By Charlie Schmidlin | The Playlist December 18, 2013 at 1:00PM
As projection booths worldwide are being ported over to humming boxes of digital data, it may hold some value to remember that there were once live people up there calling the shots. New York photographer Joseph O. Holmes has been tracking this shift closely, and in 2012 he finished a photo series on just that—the city’s projectionists and their workplaces. Those snapshots are currently on view at New York’s Museum of the Moving Image, but Holmes also completed a short film tribute to the projection booth that you can check out now.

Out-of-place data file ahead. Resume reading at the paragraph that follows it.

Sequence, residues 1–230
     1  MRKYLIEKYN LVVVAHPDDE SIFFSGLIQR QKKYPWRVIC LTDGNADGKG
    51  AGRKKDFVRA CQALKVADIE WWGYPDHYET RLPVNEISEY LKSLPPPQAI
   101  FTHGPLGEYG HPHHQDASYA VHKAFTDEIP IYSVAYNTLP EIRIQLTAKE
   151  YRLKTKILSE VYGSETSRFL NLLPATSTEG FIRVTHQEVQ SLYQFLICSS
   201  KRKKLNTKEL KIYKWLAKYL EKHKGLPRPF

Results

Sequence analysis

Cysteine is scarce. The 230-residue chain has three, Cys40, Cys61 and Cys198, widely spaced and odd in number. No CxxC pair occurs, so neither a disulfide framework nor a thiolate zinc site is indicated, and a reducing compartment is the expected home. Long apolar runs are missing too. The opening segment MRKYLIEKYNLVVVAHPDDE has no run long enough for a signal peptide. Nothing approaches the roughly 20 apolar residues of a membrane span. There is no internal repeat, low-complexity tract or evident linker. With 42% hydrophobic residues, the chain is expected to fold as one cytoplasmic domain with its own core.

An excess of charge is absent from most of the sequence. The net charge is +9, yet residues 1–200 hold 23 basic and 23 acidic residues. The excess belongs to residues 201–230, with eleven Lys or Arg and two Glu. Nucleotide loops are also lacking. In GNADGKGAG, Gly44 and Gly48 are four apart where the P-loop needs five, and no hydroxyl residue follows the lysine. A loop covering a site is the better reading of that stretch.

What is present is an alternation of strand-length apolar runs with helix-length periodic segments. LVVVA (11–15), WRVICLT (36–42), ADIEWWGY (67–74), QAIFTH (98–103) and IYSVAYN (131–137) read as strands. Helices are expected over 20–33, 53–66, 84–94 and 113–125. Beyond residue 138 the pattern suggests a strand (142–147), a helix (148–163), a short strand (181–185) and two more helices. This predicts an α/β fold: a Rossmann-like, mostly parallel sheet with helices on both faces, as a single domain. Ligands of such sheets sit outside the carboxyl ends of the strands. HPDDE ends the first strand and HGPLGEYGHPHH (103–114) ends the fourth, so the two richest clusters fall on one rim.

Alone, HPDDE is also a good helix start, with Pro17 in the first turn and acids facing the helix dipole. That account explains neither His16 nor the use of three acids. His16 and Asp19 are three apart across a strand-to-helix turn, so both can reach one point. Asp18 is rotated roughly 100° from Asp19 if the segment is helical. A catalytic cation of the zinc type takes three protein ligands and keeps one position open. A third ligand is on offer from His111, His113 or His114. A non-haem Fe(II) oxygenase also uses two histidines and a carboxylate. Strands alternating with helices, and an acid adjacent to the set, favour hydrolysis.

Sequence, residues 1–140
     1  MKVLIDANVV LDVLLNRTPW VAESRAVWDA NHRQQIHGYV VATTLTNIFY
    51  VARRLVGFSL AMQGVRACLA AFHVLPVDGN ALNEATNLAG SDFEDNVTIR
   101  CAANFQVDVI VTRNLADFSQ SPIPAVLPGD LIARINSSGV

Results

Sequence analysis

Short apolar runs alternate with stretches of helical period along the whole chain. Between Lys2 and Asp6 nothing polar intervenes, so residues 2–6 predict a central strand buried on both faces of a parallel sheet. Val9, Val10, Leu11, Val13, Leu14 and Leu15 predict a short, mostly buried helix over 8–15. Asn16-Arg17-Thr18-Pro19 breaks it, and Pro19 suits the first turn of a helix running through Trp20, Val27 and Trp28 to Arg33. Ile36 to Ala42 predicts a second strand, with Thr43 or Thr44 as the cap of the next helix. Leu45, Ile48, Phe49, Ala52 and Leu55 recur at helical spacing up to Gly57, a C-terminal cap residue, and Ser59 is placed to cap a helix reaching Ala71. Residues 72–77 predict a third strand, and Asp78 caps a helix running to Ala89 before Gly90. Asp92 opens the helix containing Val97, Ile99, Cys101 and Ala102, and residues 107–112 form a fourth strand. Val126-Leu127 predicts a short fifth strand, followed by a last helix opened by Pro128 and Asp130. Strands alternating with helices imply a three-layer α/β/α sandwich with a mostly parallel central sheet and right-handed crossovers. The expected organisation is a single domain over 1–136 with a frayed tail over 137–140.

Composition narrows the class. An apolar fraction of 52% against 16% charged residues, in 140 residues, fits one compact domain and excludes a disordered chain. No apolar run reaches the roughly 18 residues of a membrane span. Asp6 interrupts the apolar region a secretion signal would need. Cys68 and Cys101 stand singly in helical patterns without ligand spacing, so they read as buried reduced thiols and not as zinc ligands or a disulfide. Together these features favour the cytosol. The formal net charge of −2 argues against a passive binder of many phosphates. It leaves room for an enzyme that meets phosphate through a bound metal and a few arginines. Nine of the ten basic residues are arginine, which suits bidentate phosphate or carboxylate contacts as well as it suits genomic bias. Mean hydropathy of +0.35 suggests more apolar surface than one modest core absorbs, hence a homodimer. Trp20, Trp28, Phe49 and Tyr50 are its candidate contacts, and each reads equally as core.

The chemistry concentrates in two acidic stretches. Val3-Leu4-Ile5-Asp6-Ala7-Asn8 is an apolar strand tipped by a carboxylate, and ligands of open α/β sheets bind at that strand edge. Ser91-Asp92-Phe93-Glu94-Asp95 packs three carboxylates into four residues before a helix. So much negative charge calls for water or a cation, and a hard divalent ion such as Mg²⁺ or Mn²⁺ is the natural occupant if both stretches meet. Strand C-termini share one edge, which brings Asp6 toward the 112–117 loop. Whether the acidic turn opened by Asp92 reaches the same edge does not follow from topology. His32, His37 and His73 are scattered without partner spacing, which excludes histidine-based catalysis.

As a companion piece to his exhibit entitled “The Booth”, Holmes edited together the 12-minute short, “Projection: 85 Years of The Projection Booth In Movies," using an array of existing cinematic examples spanning that time. These include snippets from “Cinema Paradiso," “The Blob," “Gremlins” and Quentin Tarantino’s “Inglorious Basterds”—all of which use the projection booth and the act of projection as something mysterious, surreal, and incredibly loving. It is a situation that Holmes found quite simpatico with his working methods.
“I love to discover and photograph private workspaces,” Holmes said in an interview with Aphelis. “I find a cluttered workspace fascinating, and one day I realized that projection booths are both very private and probably filled with fascinating clutter and tools and mementos.” You can read more of that talk over on that site, but first check out Holmes’ full short film below and tell us what you think. [via Movie City News]